“General inflation will probably push rent up eventually, but if offices keep getting pushed back that will still keep them down relatively,” Zumper data journalist Jeff Andrews said. “The fundamentals are all pointing to rent going up again.”

He also expects some of the seasonality of the rental market to return this year, after being more volatile since early 2020. 

While Zumper found that New York City surpassed SF as the most expensive rental market in 2021, “San Francisco still stands out as the most expensive market on our platform,” said Rob Warnock, research associate at Apartment List. “But, the Bay Area is the last remaining place where there is a discount,” he said. “… That said, I think prices are going to go up again in the early parts of [2022].”

Warnock said since the Bay Area has been one of the places most amenable to remote and flexible work, it also could affect trends across SF neighborhoods. Prices in areas downtown, like SoMa, may still remain at a deep discount while more western neighborhoods like the Sunset may keep their slightly inflated rates.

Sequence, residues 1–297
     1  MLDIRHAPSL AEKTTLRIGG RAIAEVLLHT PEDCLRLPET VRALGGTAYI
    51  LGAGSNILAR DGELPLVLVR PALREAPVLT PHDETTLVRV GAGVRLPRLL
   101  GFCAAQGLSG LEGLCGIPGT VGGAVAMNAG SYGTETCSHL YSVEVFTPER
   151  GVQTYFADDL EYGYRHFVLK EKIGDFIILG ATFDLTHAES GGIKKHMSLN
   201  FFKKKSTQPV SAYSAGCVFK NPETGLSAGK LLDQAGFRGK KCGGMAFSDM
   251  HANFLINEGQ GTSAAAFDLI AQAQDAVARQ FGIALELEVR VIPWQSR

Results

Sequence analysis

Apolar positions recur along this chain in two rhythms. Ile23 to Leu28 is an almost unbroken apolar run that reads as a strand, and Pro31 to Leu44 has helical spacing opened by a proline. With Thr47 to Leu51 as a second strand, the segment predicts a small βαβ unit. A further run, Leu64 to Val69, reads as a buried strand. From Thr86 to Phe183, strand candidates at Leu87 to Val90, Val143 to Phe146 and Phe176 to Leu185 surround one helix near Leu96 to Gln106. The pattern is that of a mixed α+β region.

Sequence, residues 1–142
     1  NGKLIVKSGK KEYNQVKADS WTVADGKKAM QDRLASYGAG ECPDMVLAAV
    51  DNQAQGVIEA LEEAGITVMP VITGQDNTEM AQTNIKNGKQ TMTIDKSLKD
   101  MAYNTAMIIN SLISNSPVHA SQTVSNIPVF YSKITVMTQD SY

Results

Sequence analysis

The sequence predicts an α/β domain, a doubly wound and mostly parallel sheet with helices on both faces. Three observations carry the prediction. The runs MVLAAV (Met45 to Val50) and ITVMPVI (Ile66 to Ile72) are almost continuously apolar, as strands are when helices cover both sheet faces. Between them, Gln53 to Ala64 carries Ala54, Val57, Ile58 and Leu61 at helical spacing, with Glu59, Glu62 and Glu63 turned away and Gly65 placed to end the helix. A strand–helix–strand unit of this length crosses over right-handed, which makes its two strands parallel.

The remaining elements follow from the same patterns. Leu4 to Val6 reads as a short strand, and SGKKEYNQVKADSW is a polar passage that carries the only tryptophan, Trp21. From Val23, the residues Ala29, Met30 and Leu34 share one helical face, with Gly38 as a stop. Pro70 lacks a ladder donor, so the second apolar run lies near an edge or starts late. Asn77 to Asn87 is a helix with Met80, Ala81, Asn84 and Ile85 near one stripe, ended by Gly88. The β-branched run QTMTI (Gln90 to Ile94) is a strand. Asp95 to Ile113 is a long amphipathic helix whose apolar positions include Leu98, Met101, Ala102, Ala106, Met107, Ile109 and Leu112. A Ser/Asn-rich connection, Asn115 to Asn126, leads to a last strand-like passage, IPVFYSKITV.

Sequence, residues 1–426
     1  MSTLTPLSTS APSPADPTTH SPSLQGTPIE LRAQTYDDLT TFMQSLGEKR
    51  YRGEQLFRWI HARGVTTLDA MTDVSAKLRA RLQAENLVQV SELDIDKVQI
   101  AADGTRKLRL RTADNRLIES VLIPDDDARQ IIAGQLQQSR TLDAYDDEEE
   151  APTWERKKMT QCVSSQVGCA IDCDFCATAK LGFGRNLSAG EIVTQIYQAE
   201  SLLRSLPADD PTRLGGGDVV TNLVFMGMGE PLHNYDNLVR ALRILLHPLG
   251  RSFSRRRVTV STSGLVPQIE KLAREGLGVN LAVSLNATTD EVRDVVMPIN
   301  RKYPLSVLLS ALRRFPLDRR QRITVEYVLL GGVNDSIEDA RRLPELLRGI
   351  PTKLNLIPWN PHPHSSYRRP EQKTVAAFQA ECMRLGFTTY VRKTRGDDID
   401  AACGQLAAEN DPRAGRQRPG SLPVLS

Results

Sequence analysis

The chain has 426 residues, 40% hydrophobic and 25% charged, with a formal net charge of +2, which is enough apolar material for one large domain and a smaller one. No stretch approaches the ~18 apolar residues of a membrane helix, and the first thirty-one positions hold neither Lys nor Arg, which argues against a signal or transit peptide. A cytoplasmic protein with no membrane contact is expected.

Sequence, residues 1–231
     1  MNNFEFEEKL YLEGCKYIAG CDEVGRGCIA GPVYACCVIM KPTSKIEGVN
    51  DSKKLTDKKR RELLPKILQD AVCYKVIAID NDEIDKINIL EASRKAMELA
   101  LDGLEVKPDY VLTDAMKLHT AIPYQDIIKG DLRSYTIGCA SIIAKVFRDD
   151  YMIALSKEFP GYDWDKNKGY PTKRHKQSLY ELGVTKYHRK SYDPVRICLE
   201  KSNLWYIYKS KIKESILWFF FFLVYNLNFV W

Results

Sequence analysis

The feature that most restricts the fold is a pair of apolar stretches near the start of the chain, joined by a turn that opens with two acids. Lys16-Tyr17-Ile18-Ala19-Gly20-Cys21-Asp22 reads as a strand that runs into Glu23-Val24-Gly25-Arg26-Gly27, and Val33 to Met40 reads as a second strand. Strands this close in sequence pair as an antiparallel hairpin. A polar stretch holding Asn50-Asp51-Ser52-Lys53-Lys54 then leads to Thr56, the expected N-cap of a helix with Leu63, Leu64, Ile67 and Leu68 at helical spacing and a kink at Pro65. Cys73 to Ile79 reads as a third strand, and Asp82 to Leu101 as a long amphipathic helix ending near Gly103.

Space is still a must

“Zoom rooms” and Peloton bikes became must-haves as the pandemic wore on, and none of the agents we spoke with saw that going away anytime soon. “I’m not seeing the desire for home offices or gyms go away at all,” Hatvany said. “It’s become a very locked-in thing. It’s a complete essential in ways that it never was.”

Hatvany has even seen some new “amenities” emerge — like being located near a Slow Street. She said just as parks are great nearby amenities for a home buyer, slow streets now hold the same desirability. 

Outdoor space is still crucial for most clients, said Josh Dickinson, the founder of real estate agency Zip Code East Bay, and he’s even seeing more sellers get creative to upgrade that outdoor space. There’s even been a rise in ADU-like spaces, like upgrading a shed in the backyard that can be used as a multipurpose space. 

Even with their confident predictions, there wasn’t one person that didn’t mention the feeling of uncertainty that still lies ahead as we continue into the next phase of the pandemic. “I think we’re all just anxious to see what is it all going to look like when we get back to the point where people are going back to the office and all the COVID numbers are declining,” Dickinson said. “It in some ways seems like we’re still a long way from there.”